US Army Ordnance Corps Officer
US ARMY ORDNANCE CORPS OFFICER COLLAR DEVICES
Branch Insignia: A gold color metal shell and flame 1 inch in height. Sold in pairs. The use of the “shell and flame” by the Ordnance Corps dates back to 1832; it is considered to be the oldest branch insignia of the Army. Similar insignia had been used by the British Army. After its adoption by the American Army, the design was used by the Artillery as well as the Ordnance until 1834 when the crossed cannon was adopted by the Artillery. In 1835, the shell and flame was used on a button for members of the Ordnance Corps and the design had been used in various items worn on the uniform since it was first adopted. The simplicity of the shell and flame harmonizes with the armament of days gone by, while the action it connotes is applicable with equal force to the weapons of today.
Branch Plaque: The plaque design has the branch insignia, letters, and rim in gold. The background is crimson.
Regimental Insignia: A gold color metal and enamel device 1 1/8 inches in height overall consisting of two gray antique cannons in saltire on a white disc behind an encircling scroll in the form of a buckle red belt with, between the intersecting cannons and the belt, a black antique bomb, its scarlet flames issuing at the top of the device from behind the belt, which bears the inscription “ORDNANCE CORPS U.S.A.” in gold letters. The regimental insignia for the Ordnance Corps was approved on 25 March 1986.
Regimental Coat of Arms: There is no coat of arms approved for Ordnance Corps Regiment. The regimental insignia (all in yellow except the letters on the insignia are crimson) is displayed above a yellow scroll inscribed “ARMAMENT FOR PEACE” in crimson. The background of the flag is crimson and the fringe is yellow.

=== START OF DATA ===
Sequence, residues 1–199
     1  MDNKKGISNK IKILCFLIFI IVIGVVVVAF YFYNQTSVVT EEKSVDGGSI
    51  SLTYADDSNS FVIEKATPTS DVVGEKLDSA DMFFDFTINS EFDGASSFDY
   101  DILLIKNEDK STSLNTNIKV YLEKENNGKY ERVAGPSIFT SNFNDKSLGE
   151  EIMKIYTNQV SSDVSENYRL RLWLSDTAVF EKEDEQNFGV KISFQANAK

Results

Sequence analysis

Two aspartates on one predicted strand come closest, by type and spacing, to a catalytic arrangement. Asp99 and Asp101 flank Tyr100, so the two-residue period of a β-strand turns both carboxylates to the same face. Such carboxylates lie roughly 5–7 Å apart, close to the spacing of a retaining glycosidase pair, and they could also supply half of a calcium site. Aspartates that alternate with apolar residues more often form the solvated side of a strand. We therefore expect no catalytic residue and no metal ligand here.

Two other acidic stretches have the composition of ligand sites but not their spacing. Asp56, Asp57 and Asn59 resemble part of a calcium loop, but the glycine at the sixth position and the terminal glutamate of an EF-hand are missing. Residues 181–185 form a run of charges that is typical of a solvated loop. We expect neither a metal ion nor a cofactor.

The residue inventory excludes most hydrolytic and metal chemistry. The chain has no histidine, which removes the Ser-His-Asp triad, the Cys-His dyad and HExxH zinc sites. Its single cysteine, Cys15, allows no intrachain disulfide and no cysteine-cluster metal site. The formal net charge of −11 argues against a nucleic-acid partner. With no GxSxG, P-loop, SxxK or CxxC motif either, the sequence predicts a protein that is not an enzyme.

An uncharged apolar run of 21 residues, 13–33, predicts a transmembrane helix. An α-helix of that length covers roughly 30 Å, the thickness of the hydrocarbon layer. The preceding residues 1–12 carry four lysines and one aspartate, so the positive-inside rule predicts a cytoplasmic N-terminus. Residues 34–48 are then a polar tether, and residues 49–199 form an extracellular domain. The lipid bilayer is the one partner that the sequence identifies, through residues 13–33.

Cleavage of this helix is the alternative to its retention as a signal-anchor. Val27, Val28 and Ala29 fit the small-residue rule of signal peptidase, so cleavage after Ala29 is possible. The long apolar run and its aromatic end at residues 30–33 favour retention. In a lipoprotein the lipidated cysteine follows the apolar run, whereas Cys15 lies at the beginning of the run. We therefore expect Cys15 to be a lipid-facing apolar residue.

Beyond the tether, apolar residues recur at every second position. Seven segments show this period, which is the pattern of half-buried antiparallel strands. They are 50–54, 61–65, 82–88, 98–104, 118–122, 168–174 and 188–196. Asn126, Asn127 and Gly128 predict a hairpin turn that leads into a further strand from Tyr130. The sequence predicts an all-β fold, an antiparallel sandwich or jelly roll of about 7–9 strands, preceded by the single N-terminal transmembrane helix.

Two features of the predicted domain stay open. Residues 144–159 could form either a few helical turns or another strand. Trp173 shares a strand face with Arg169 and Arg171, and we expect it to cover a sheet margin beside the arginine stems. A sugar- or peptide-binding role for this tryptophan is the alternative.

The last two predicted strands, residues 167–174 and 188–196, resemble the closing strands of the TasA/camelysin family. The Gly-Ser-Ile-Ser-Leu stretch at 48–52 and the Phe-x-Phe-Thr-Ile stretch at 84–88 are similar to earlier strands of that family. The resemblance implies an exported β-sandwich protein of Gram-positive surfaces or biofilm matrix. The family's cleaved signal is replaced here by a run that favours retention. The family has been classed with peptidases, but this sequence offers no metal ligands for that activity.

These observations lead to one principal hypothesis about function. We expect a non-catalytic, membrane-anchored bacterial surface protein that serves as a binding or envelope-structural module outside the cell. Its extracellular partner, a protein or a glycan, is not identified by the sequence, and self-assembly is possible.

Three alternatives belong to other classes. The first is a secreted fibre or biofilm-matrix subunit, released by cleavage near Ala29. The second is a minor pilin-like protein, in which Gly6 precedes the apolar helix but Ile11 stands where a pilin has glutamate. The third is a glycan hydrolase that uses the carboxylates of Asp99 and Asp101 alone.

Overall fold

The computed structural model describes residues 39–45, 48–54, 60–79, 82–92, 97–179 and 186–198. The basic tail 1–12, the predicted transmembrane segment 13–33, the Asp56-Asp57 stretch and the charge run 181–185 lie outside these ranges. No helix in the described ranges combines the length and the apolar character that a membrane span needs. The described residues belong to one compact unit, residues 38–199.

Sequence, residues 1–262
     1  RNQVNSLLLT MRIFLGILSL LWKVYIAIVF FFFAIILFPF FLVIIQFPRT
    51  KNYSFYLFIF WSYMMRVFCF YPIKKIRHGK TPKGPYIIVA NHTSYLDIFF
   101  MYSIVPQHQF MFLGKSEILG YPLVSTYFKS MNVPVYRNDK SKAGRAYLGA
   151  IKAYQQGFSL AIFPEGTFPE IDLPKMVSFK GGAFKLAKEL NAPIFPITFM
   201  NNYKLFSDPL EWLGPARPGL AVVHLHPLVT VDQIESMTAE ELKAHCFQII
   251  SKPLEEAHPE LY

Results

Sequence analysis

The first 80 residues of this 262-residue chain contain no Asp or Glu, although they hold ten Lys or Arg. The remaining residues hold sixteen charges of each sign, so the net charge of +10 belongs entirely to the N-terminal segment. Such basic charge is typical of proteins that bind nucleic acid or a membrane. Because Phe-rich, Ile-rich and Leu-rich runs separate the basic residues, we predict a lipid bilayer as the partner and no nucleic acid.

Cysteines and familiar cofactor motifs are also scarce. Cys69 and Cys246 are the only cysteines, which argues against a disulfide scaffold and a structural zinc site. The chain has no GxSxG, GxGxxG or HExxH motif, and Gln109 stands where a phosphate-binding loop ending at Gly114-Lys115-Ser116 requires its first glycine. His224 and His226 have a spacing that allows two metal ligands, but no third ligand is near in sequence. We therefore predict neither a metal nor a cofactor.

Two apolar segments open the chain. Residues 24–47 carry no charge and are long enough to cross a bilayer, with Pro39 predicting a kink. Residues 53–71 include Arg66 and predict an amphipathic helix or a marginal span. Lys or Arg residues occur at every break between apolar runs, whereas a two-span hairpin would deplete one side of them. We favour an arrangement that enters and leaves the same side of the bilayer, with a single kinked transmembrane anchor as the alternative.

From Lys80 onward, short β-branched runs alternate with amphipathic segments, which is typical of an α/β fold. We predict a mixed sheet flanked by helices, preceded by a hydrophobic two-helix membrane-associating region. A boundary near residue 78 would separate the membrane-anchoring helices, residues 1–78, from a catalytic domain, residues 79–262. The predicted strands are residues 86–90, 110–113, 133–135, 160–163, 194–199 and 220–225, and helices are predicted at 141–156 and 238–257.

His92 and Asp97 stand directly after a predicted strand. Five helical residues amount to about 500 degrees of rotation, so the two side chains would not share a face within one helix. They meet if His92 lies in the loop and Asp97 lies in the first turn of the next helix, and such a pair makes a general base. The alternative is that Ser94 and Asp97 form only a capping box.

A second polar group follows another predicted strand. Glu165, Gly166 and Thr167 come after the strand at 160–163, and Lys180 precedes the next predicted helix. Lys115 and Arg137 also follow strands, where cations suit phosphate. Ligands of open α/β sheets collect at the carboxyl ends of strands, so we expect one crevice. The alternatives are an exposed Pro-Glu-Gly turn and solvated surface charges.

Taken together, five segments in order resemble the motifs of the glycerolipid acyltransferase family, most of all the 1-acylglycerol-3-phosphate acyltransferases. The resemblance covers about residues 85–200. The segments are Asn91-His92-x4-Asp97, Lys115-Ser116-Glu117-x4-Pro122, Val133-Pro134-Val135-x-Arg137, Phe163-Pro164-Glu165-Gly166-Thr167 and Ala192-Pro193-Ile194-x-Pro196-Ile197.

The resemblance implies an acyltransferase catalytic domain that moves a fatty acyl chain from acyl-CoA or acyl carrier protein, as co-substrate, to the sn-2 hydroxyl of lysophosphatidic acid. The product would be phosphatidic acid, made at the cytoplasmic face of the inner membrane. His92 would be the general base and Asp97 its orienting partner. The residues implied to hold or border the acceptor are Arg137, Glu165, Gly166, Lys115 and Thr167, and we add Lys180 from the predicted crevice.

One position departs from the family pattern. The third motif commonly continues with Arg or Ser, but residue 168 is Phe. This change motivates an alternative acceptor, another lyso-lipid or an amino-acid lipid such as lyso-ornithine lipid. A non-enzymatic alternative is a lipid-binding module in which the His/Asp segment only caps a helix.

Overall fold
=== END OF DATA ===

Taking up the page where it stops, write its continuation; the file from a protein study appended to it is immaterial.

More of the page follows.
Symbolism of Regimental Insignia: The crossed cannons are representative of the Ordnance Corps’ early relationship to the Artillery. The flaming bomb, also known as the shell and flame, represents the armament of days gone by, while the energy it connotes is applicable to the weapons of our own day. The cannoneer’s belt, which encircles the flaming bomb and crossed cannons, is embossed with the words “ORDNANCE CORPS U.S.A.” and represents the traditional association between munitions and armament. The white background symbolizes the Ordnance Corps’ motto, “ARMAMENT FOR PEACE.”
Branch Colors: Crimson piped with yellow. Crimson - 65013 cloth; 67112 yarn; PMS 220. Yellow - 65002 cloth; 67108 yarn; PMS 123. In 1835, the Ordnance Corps had a red plume - the same as Artillery. Crimson was prescribed as the Ordnance color in 1851. In 1902, it was changed to black and scarlet. Crimson and yellow were established as the branch colors on 14 October 1921.
Birthday: 14 May 1812. The Ordnance Department was established by the act of 14 May 1812. During the Revolutionary War, ordnance material was under supervision of the Board of War and Ordnance. Numerous shifts in duties and responsibilities have occurred in the Ordnance Corps since colonial times. It acquired its present designation in 1950.